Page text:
The decades that followed saw the leap from Intellivision to the Nintendo Entertainment System (NES) and Nintendo’s handheld Game Boy device. At the end of the 1980s, Sega emerged as a major competitor to Nintendo. Their gaming system had better graphics and new creative energy, bringing on what would become some of the most popular games of our time, like Sonic the Hedgehog. As new game concepts emerged, controversy over violence in games and other questionable content prompted a government response and the creation of an industry rating system for games.

Spotlight on Ethics

Video Games and Violence

Early video games were based on traditional board games such as chess and checkers. But over time, with increases in graphic capabilities and new companies coming into the market purely as game developers, new game concepts were developed. At times, these new game concepts contained what some considered to be inappropriate language and situations. The American Psychological Association even considers the playing of violent video games as a risk factor for aggression. The violence in video games prompted a congressional hearing on the matter in 1993. The hearing focused on three controversial games: Doom, Night Trap, and Mortal Kombat, the first video game to include realistic depictions of violence. Despite this, the game was allowed to be sold, but a new rating board emerged from the hearings called the Entertainment Software Ratings Board (ESRB). It is a voluntary, self-regulated entity run by the Entertainment Software Association, which rates games according to their level of violence and recommends appropriate age levels for users. Some stores will not sell video games without an ESRB rating.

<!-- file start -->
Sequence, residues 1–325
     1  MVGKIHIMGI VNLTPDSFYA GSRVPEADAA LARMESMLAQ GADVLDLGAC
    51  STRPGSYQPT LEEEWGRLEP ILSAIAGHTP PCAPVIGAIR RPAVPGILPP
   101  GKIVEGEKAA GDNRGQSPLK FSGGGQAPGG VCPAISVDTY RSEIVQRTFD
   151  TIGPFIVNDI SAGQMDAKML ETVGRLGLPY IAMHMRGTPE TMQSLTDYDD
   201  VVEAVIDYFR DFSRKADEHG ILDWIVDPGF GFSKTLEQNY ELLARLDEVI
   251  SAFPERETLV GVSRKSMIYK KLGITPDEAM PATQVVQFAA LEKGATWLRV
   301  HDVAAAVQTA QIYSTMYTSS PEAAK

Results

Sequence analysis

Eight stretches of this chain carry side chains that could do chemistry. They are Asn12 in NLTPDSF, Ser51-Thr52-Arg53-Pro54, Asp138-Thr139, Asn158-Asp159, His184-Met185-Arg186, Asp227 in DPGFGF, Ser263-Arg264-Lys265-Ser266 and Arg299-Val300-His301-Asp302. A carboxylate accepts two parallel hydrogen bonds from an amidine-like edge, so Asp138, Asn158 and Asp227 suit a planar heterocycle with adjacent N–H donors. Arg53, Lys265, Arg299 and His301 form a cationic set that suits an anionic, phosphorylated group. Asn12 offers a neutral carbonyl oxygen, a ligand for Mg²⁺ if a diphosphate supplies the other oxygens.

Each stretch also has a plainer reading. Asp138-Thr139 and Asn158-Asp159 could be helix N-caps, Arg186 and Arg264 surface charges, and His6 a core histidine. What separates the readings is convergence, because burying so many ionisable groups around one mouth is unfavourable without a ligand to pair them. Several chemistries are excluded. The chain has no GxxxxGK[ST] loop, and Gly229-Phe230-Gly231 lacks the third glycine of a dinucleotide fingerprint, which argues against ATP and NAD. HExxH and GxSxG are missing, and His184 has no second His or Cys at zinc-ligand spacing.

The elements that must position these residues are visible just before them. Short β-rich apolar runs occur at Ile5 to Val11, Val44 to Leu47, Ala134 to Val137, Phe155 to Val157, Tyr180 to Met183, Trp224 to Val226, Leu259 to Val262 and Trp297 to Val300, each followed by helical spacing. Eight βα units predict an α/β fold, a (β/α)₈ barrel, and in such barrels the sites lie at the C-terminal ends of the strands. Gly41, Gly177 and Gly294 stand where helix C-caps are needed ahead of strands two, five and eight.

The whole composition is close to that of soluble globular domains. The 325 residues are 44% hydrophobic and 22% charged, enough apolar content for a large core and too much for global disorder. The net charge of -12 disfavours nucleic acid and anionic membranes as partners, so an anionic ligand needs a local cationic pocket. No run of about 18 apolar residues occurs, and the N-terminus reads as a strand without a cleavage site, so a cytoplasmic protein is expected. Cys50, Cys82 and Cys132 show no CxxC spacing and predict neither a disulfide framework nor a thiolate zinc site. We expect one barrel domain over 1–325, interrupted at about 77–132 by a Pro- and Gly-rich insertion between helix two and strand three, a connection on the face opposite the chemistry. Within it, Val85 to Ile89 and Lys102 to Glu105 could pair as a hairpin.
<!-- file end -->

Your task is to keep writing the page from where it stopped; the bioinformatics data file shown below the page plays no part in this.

As the trajectory of advances in games and consoles continues, today it seems that a new and improved system hits the market every year. Many people also have games downloaded on their phones. And the concept of e-sports has reached colleges and universities, both as an academic program and as an NCAA-recognized collegiate sport. The future of video games seems to be moving in the direction of artificial intelligence (AI) and virtual reality simulations, with both Apple and Google making company acquisitions in that arena.

Real-World Application

E-sports in Colleges and Universities